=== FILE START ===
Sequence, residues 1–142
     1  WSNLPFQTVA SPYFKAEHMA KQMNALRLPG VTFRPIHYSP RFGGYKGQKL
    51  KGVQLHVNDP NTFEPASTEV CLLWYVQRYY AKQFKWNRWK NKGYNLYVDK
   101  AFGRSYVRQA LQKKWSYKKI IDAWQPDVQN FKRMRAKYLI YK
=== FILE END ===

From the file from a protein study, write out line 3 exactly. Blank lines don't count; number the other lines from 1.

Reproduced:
    51  KGVQLHVNDP NTFEPASTEV CLLWYVQRYY AKQFKWNRWK NKGYNLYVDK